Update on West 11th Street Park

Update on West 11th Street Park

by Lorraine Cherry, Friends of West 11th Street Park
A colorful oriole is one of many migratory bird species you might see this spring in the park.

A colorful oriole is one of many migratory bird species you might see this spring in the park.

Welcome to spring in the park! This is always an exciting time of year, as the woods seem to green up almost overnight, flowers are blooming everywhere, swarms of butterflies are around, and the spring migrant birds are passing through. These colorful visitors stop here after wintering in Central and South America. When they have rested and refueled, they continue on to their summer homes in the north.  Our lush understory and new growth trees provide an welcoming temporary habitat, and offer some excellent birding opportunities for both novices and more experienced birders. Over the next few months, you might see tanagers, orioles, buntings, many species of warblers, and more.

If you are a beginner at birdwatching, you may wonder what you should be looking for to help you identify a bird. Here is a list of pointers from Houston naturalist Jerry Walls:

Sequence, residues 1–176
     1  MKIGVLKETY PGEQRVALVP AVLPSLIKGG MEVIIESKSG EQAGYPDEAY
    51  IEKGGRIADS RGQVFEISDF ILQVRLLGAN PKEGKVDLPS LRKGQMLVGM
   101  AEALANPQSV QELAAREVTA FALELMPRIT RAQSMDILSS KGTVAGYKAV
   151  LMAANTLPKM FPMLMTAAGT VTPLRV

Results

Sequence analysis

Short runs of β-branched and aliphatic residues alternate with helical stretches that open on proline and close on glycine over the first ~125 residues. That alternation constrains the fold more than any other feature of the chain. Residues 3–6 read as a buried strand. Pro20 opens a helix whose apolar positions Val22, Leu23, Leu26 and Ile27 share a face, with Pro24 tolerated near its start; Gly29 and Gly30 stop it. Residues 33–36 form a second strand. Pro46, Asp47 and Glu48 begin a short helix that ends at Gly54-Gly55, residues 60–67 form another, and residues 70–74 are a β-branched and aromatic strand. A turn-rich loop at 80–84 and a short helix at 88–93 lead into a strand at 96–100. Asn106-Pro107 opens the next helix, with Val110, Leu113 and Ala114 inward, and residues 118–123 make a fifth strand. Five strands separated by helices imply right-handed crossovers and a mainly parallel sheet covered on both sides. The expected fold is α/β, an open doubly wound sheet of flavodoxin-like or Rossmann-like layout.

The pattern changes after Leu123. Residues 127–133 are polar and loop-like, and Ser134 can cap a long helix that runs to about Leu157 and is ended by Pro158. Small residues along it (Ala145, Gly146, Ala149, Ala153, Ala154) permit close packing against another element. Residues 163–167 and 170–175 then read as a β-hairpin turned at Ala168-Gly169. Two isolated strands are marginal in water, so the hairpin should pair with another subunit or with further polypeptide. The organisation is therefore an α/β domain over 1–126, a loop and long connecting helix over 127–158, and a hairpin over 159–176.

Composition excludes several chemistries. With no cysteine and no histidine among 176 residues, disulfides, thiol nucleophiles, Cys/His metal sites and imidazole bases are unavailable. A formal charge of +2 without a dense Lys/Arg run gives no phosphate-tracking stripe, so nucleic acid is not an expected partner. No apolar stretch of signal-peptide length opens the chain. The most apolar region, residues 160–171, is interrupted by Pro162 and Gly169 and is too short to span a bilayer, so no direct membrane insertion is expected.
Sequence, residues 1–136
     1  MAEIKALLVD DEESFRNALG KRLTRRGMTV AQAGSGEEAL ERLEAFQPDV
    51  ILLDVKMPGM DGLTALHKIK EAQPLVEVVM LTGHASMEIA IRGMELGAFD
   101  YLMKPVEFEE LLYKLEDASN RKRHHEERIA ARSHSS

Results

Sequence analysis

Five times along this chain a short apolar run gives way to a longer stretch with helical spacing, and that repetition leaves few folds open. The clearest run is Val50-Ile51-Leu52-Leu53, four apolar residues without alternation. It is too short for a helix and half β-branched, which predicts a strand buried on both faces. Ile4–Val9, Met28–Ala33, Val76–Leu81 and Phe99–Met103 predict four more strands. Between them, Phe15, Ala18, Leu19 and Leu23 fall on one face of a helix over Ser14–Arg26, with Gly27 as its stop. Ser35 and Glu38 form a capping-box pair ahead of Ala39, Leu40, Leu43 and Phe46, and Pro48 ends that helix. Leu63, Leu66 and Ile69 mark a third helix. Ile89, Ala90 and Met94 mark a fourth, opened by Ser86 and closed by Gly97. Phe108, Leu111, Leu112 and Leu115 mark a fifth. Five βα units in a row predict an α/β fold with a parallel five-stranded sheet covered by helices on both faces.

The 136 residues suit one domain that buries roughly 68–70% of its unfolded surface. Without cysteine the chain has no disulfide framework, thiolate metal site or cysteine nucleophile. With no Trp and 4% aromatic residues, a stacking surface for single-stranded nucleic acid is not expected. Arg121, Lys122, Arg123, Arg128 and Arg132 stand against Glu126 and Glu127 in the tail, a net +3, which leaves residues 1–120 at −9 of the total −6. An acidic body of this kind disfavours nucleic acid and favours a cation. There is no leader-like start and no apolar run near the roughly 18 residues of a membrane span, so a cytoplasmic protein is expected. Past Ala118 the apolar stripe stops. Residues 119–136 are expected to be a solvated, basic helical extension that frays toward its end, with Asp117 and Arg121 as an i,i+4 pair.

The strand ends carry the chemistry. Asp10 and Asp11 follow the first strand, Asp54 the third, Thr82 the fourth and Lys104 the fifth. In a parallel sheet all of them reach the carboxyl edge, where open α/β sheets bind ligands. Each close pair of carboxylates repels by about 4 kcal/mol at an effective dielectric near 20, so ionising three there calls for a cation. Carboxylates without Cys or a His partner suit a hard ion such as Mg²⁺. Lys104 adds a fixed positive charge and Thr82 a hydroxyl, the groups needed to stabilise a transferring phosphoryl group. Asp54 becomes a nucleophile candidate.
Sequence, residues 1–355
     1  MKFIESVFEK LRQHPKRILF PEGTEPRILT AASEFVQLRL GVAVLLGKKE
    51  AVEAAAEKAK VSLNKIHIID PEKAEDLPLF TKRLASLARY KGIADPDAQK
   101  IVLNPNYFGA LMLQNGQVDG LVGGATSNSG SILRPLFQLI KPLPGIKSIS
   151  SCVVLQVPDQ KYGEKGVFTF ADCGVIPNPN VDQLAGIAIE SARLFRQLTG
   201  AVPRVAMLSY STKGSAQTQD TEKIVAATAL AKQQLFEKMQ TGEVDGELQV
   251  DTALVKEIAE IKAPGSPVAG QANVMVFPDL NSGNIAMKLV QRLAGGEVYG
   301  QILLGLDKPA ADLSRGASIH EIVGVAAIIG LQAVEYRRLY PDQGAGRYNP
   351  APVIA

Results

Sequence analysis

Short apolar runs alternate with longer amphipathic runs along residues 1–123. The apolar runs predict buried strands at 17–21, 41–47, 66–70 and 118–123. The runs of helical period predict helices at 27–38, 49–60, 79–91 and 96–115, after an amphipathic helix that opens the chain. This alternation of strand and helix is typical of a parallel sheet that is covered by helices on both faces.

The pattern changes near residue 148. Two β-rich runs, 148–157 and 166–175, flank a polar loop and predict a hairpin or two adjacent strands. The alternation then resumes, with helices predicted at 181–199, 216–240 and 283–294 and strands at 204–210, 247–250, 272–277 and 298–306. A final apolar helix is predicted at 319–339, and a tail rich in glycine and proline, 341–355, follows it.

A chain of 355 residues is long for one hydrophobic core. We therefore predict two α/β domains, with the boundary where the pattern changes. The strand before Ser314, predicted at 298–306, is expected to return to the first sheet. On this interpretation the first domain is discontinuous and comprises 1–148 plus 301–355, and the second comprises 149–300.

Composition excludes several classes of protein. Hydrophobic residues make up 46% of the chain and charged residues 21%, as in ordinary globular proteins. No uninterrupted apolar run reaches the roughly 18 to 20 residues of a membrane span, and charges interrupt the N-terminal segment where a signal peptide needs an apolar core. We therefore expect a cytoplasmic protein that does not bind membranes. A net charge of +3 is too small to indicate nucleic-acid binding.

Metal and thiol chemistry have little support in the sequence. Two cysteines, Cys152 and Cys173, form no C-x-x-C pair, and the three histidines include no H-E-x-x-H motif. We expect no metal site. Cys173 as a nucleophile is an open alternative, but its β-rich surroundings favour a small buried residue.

1. SIZE: What size is the bird? How does its size compare with a sparrow, cardinal, blue jay, crow, eagle, etc.?
  2. LEGS AND TAIL: Does it have long or short legs? A long or short tail?
  3. COLOR: What color is the bird? Are there identifying physical characteristics such as bars on the wing, a head crest, etc.?
  4. BEAK: What is the shape of the beak/bill: Is it wide, thin, cone-shaped? Is it long or short? What color is it?
  5. LOCATION: Where did you see the bird (e.g., near open water, a pond, wetland, forested area, open prairie, in the city, at a bird feeder)? Was it feeding on the ground, perched on a high branch, flying overhead?
  6. MOVEMENTS: Did you notice any special movements such as tail wagging, “shivering” motion, bobbing its head, pecking on a tree, etc.
  7. FLIGHT: If you saw the bird flying, how did its flight pattern look? Was it flying in a straight line, undulating, soaring?
  8. TIME: What time of the year did you see the bird? What time of day?
  9. SONG: Did the bird call or sing? What did it sound like?

 

With these descriptions and a good field guide, you will be well on your way to identifying the specific bird that you saw. Two highly recommended guides are: Birds of Texas by Roger Tory Peterson and The Sibley Guide to Birds by David Allen Sibley. To see a list of birds that have been reported at West 11th Street Park, visit the Audubon Society’s EBird site at http://ebird.org/ebird/hotspot/L281716. For descriptions of some recently seen birds at West 11th Street Park, including our famous woodpeckers, check out our park webpage at http://bit.ly/ParkBirds

By | 2016-03-06T21:54:20+00:00 March 6th, 2016|Environmental Affairs, West 11th Street Park|Comments Off on Update on West 11th Street Park